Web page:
Getting Started with Golem
If reading this article got you interested in Golem and you want to know more about how to get started, the team behind the project has created an extensive documentation that compiles all of the information on how to run the software and deal with known issues along the way.
As you will see, the team has made sure to communicate all of the risks as well as instructions on how to support them with any bugs you may find along the way. Again, the software is in beta, so bugs are to be expected, and unfortunately the team does not claim any responsibility for assets lost as a result of a bug.
That makes sense, as the crypto world for now is in a perpetual development cycle. The technology and implementations beyond Bitcoin and the pure transactional use case are all being evaluated, and Golem stands the chance of successfully positioning on the market.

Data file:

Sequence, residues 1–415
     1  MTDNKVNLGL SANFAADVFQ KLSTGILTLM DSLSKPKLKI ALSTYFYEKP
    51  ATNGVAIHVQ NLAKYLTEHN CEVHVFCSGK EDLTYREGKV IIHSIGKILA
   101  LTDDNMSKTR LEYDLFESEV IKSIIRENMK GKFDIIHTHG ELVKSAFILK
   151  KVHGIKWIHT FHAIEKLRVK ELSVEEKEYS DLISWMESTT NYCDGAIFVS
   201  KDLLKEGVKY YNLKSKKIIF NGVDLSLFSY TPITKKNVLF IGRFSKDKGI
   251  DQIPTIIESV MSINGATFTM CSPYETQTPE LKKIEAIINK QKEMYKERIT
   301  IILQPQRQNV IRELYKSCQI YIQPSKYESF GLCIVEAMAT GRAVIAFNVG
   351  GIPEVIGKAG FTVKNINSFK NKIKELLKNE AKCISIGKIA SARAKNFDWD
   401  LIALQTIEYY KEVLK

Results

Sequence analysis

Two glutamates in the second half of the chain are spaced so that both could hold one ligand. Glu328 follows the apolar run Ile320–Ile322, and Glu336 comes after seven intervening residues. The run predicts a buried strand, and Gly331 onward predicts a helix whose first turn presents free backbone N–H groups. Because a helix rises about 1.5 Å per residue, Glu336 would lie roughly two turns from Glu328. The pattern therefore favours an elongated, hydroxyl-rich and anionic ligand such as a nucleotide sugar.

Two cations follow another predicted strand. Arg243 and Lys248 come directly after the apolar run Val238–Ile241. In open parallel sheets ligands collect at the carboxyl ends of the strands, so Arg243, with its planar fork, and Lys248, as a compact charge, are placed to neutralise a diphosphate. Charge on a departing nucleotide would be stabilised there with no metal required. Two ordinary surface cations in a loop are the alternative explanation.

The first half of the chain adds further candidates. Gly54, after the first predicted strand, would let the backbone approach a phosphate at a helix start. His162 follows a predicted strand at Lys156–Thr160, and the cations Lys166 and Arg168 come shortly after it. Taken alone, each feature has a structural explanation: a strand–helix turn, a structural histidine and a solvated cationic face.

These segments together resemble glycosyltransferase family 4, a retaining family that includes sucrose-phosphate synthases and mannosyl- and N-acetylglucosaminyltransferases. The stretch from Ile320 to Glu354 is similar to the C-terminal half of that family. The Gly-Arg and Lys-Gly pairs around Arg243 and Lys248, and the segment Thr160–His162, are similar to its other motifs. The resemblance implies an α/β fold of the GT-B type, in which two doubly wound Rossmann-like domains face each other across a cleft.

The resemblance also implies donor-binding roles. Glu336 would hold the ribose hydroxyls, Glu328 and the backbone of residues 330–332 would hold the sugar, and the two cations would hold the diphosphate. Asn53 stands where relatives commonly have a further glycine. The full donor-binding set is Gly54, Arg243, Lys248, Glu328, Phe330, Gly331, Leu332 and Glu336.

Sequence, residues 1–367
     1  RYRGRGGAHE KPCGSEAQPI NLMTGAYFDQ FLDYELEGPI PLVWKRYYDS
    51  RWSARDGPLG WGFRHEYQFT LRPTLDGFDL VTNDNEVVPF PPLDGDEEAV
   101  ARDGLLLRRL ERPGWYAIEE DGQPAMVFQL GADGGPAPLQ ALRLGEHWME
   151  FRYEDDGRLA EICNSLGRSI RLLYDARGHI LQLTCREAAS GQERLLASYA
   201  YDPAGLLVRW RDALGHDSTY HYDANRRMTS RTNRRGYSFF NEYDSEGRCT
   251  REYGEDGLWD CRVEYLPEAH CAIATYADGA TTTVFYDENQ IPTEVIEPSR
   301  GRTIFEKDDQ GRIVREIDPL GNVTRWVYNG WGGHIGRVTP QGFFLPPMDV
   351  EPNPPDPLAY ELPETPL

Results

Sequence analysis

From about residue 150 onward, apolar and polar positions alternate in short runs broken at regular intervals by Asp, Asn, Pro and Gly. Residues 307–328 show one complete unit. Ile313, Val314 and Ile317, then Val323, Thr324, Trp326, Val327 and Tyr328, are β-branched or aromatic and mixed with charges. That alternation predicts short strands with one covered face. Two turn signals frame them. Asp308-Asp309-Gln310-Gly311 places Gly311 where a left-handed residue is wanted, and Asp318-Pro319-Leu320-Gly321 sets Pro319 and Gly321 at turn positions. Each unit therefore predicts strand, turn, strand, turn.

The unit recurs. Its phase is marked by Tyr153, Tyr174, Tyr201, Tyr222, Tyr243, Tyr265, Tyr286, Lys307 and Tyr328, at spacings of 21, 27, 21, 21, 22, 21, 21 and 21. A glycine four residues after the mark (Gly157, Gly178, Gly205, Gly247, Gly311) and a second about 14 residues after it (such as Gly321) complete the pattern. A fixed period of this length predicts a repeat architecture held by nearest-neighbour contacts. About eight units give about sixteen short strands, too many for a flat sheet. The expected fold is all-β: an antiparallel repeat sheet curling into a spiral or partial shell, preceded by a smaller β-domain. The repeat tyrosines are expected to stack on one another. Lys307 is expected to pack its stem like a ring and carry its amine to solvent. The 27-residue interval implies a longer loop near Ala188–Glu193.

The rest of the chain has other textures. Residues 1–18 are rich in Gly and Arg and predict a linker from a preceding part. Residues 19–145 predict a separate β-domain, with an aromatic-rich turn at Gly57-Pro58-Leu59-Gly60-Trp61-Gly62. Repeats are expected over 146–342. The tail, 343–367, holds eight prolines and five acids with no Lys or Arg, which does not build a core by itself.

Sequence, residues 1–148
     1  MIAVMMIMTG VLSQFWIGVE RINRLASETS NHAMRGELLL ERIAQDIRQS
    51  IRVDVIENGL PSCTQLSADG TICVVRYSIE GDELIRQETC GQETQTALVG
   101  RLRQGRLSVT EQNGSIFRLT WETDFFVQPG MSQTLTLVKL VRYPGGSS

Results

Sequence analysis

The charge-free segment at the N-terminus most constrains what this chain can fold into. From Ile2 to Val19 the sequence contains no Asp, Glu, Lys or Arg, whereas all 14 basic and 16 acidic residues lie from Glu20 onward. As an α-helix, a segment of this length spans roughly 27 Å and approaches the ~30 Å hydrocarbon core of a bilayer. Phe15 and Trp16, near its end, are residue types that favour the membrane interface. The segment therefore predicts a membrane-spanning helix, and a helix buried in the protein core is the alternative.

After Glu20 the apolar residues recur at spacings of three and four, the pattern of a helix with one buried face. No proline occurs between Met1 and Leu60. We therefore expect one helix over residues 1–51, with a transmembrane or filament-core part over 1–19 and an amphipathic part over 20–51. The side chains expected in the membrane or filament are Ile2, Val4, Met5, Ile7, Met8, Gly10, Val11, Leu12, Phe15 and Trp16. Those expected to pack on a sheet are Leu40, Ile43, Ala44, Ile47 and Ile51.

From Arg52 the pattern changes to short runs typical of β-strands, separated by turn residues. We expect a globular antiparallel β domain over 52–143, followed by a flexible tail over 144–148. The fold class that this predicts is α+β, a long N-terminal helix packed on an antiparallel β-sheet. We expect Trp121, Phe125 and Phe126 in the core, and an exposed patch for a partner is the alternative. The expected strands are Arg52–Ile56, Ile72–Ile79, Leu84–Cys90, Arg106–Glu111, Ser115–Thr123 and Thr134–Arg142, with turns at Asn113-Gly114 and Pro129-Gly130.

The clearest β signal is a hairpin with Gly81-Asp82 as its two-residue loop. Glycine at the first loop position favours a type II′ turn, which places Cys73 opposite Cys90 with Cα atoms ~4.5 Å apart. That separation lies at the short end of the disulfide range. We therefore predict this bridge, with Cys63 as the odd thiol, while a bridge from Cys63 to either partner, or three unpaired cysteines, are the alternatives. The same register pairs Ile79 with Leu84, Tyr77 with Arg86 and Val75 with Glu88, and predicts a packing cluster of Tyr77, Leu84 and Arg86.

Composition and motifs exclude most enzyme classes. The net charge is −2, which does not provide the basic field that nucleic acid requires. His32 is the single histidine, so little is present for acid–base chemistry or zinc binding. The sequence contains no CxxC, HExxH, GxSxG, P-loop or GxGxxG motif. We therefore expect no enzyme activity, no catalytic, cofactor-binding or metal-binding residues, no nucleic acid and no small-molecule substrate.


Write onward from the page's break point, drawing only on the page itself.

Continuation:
After all, they do provide a real utility. Before Golem, there was no way to source computing power without going to the major providers, such as IBM, Amazon, or Google. Now, anybody in the world can share and purchase computing power from this network. And so can you!
Minimum System Requirements
There is no optimal system requirements for running Golem, but some guidelines have been created to describe what you need at a bare minimum. Anything beyond these specifications can surely run and process the necessary tasks.
The minimum requirements for running the Golem Network are:
- 2GB RAM
- 2 core processor
- 20 GB HDD
- Public IP